Interest high in selection of new East Fork justice

With minimum job requirements and a salary that tops out at almost $120,000 a year, selection of the next East Fork Justice of the Peace is expected to draw a flood of applicants.

Douglas County commissioners have been charged with finding a successor to Judge Jim EnEarl who announced his resignation from office effective Aug. 6.

Commissioners will begin recruiting for the position after officially accepting EnEarl's letter of resignation which they are expected to do at their July 15 meeting.

Applications must be submitted by 5 p.m. Aug. 20.

County Manager T. Michael Brown said Thursday that in the interim between EnEarl's resignation and the appointment of a new judge, court duties would be taken over by a judge pro tem.

That duty regularly is performed by Constable Paul Gilbert, but the court has a list of temporary judges from which to choose.

"In selecting Judge EnEarl's replacement, we'll be following the same process used to fill the vacancies created by the resignations of (Clerk-Treasurer) Barbara Griffin and (Recorder) Werner Christen," Brown said.

Human Resources Manager Darcy Worms will post a recruitment announcement and set a deadline for applications which will be reviewed by commissioners who pick the new judge.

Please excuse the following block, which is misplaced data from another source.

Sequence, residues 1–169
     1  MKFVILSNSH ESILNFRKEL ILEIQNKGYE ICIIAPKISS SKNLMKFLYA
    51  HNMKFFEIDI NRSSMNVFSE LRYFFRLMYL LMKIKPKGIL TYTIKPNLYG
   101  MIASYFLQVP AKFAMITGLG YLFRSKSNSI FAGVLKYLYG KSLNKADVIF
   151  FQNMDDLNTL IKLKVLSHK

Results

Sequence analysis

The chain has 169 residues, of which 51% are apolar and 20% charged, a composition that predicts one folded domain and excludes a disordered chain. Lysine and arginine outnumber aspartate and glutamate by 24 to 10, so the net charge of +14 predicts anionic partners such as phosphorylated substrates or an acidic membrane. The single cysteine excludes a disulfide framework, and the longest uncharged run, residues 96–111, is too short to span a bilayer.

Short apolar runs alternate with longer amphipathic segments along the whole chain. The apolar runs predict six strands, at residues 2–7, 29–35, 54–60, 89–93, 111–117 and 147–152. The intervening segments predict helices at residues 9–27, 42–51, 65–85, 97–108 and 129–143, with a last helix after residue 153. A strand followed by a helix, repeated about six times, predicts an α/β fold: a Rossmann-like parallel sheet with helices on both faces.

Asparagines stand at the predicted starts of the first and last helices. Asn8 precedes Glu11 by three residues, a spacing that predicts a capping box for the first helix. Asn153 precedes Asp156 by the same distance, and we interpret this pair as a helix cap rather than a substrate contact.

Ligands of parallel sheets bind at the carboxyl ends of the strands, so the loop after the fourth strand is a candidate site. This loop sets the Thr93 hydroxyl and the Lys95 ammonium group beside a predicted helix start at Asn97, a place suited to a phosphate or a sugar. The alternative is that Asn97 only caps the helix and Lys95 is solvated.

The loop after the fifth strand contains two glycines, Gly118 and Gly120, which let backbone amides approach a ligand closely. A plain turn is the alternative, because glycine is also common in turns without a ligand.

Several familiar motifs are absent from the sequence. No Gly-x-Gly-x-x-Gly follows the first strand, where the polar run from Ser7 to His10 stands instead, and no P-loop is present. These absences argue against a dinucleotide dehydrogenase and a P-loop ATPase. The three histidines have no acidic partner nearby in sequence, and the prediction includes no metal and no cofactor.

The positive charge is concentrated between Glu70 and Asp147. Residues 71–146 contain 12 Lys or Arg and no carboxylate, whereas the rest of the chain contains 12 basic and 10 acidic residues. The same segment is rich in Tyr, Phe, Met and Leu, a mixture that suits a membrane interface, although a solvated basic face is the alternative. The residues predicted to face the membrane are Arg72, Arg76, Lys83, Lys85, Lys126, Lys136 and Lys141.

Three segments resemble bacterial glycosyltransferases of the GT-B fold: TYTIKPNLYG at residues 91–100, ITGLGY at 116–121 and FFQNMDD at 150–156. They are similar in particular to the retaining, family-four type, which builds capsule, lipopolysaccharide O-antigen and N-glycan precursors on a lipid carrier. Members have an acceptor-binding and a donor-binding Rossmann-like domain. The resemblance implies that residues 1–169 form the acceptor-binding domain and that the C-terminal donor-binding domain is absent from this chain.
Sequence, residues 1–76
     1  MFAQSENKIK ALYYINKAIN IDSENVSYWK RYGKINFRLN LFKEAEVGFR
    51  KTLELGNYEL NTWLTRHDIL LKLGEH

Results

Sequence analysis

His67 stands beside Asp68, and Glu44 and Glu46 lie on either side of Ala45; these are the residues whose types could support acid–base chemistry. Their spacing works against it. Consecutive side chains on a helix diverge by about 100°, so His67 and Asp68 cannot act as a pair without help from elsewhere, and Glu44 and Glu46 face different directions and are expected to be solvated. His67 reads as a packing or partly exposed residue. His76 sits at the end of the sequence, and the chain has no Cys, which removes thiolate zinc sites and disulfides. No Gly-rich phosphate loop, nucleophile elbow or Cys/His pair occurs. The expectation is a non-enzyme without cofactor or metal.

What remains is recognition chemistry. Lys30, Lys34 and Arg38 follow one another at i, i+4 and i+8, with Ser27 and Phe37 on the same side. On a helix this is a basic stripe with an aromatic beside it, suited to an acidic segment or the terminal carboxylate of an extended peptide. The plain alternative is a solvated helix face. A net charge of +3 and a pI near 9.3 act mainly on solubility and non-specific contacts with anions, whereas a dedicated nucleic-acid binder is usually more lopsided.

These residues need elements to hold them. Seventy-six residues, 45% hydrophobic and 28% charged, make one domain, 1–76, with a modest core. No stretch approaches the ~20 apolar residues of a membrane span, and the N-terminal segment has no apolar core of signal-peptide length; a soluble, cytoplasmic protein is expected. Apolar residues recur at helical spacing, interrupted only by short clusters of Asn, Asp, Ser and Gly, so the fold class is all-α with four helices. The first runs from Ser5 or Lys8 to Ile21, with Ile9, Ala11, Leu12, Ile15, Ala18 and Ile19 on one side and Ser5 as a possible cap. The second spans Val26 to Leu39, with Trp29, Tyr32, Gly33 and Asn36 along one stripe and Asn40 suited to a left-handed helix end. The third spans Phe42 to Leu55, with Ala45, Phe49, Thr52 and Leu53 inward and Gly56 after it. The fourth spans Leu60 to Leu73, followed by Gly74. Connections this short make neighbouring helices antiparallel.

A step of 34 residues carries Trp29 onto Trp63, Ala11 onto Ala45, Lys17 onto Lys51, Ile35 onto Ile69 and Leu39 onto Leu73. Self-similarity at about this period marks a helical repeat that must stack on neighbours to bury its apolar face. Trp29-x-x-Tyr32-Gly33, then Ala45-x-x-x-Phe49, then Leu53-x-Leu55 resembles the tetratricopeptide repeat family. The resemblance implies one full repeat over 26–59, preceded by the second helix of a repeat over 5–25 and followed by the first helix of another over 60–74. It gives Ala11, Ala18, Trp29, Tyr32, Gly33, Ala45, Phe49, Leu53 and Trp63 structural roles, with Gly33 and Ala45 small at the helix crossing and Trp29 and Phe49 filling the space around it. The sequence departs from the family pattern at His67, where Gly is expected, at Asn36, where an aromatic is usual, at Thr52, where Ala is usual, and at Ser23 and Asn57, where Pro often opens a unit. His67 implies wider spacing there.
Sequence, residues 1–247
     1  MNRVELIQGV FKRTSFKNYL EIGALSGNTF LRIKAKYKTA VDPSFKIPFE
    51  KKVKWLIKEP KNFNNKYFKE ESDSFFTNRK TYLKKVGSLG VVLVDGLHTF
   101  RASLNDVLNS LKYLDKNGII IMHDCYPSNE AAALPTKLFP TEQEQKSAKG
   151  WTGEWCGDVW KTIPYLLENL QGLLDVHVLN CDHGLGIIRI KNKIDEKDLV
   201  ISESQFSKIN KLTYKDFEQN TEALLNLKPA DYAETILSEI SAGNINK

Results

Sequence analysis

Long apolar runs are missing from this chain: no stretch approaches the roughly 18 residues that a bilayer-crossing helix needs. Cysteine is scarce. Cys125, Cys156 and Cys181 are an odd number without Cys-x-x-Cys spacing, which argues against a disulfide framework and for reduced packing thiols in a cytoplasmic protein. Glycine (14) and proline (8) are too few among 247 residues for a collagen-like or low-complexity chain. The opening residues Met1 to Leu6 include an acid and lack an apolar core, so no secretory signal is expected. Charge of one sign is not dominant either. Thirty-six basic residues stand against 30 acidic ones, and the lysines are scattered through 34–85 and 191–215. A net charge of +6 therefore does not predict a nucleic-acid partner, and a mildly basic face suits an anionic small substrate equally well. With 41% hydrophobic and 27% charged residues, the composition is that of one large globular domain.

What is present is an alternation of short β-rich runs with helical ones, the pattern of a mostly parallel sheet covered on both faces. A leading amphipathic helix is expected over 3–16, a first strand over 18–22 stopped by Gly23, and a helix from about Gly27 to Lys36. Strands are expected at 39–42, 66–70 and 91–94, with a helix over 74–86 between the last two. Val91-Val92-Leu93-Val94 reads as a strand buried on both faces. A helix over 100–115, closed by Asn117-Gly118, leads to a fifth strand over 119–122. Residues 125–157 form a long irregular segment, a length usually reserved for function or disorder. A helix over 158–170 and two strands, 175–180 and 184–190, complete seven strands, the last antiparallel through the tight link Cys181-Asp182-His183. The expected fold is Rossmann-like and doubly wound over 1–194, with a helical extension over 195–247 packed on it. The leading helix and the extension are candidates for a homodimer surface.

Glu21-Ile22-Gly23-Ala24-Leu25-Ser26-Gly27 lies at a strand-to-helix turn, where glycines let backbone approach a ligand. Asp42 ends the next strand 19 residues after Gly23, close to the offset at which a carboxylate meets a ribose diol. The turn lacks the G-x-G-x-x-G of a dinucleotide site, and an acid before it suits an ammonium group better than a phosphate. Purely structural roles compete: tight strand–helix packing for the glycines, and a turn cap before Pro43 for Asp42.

While the successful candidate gets the job without the rigors of an election, the new judge faces voters in 2012 when EnEarl's six-year term expires.

To be considered for the judgeship, the applicant must be 18, a resident and qualified voter in East Fork Township with a high school diploma or equivalent.

The only other requirement to be East Fork justice of the peace is that the candidate never faced discipline resulting in removal or retirement from judicial office.

The salary for the justice of the peace is $88,247.74-$118,580.80 per year.

The new judge does not have to be a lawyer, or even a college graduate.

Traditionally, in East Fork, the justice of the peace has come from law enforcement.

EnEarl, 65, was elected in 1994 after 19 years with the Douglas County Sheriff's Office and 11 years as a deputy in Orange County.

His predecessor, Judge Doug Struthers, also took office after several years with the sheriff's office.


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